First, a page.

With the myriad cases of cyber-theft and security breaches that headline the news every day, it’s no wonder that system improvements are taking a back seat to security items within most IT organizations. While many vendors highlight new products or features as being better, cheaper, and/or faster, those items are having limited success compared to those that address being secure.
Security focuses on end-to-end security, integrity, auditability, and regulatory compliance for virtualization and clouds, the SDDC, and the secure hybrid cloud. Security starts where the cloud and virtual environments begin: the end user computing device. (Read More)
As part of Security, we follow the user through the virtual and cloud stacks until they reach the application they wish to use for retrieving the data that is important to them. Virtualization and cloud security is implemented where there is an intersection between user, data, and application, while maintaining strict control of management interfaces. As such, we explore all aspects of security devices, tools, controls, and guides that impact or can be used to secure virtual and cloud environments.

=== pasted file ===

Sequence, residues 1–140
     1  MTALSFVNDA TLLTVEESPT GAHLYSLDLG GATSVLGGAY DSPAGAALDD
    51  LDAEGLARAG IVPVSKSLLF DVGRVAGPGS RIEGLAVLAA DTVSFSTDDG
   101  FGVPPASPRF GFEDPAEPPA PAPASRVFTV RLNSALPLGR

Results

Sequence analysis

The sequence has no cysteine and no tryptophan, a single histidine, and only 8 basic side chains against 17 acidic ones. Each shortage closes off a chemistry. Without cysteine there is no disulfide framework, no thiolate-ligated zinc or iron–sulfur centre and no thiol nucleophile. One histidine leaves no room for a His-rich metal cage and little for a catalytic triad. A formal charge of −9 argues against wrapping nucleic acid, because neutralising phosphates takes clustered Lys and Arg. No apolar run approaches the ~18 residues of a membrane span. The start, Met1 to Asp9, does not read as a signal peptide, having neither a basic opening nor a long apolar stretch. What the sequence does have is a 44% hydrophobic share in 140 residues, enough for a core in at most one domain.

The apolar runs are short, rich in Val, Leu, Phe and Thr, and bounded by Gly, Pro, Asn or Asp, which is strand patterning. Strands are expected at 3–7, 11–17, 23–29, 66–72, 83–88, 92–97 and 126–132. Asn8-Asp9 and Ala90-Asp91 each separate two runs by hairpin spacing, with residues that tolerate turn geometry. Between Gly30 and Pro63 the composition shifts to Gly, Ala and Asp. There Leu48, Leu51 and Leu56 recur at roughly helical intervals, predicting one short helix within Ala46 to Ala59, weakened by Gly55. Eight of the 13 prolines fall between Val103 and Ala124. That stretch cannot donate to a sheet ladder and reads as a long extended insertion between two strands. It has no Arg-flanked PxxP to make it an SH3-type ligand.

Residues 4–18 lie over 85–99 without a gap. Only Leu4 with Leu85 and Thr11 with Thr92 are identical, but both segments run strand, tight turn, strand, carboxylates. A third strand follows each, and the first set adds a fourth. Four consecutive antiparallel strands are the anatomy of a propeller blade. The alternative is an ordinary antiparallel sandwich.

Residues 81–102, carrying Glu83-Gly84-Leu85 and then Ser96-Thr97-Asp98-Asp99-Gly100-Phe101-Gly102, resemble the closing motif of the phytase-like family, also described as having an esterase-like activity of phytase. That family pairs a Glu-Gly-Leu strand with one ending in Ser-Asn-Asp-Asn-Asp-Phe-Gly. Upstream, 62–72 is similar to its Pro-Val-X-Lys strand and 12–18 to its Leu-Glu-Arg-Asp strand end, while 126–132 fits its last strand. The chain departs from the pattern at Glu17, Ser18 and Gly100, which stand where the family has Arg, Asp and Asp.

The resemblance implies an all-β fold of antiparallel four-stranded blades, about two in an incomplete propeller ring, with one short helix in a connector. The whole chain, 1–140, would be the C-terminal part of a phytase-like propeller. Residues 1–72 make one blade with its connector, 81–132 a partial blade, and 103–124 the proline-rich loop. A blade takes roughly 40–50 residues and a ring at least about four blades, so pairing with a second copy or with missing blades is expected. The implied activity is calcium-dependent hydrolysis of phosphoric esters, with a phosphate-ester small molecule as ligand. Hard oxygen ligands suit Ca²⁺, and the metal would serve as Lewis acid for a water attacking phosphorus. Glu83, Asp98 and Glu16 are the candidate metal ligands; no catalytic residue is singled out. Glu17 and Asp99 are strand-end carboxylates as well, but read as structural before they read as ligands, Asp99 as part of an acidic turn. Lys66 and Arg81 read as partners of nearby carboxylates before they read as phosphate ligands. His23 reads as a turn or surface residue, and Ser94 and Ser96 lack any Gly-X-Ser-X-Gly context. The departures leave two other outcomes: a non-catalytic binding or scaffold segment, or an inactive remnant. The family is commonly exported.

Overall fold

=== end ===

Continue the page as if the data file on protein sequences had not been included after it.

Recently, we upgraded our cloud environment. This raises the question, “What is wrong with the environment after an upgrade?” As tools improve, we get new warnings, messages, and analytics. This often leads to a decision to ensure that after the upgrade, all monitoring, alerts, and other diagnostics show green across the board. Is this required, desirable, and even warranted? Wouldn’t it make sense to understand a change between releases first, before blanket acceptance?
Throughout all the years I have been working in information technology, security has been an area that engineers have striven to improve. As a result, we have make our environments as secure as possible. We have always looked to make the security of our systems stronger. Security has evolved over time. One example of this evolution is the concept of password management. IT professionals have helped drive the change from simple passwords to more secure passphrases to two-factor authentication added as another layer of security.
Innovation is the future of IT, but is innovation really happening? Let us look at one segment of IT: security. The RSA Conference hosts an annual Innovation Sandbox. The winner can claim to be the most innovative security company that participated in the contest. This year, there was a wide mix of companies.
RSA Conference 2016 is now done. There were about 40,000 attendees, 500+ vendors, and countless hallway conversations. Key to this year’s conference was analytics. You could not walk the show floor without hearing someone extolling the virtues of one analytics product or another. Analytics was big. Of course, that was not all there was on the show floor. There were the typical identity solutions and even a few atypical ones, firewalls, and other items we would expect. But analytics reigned.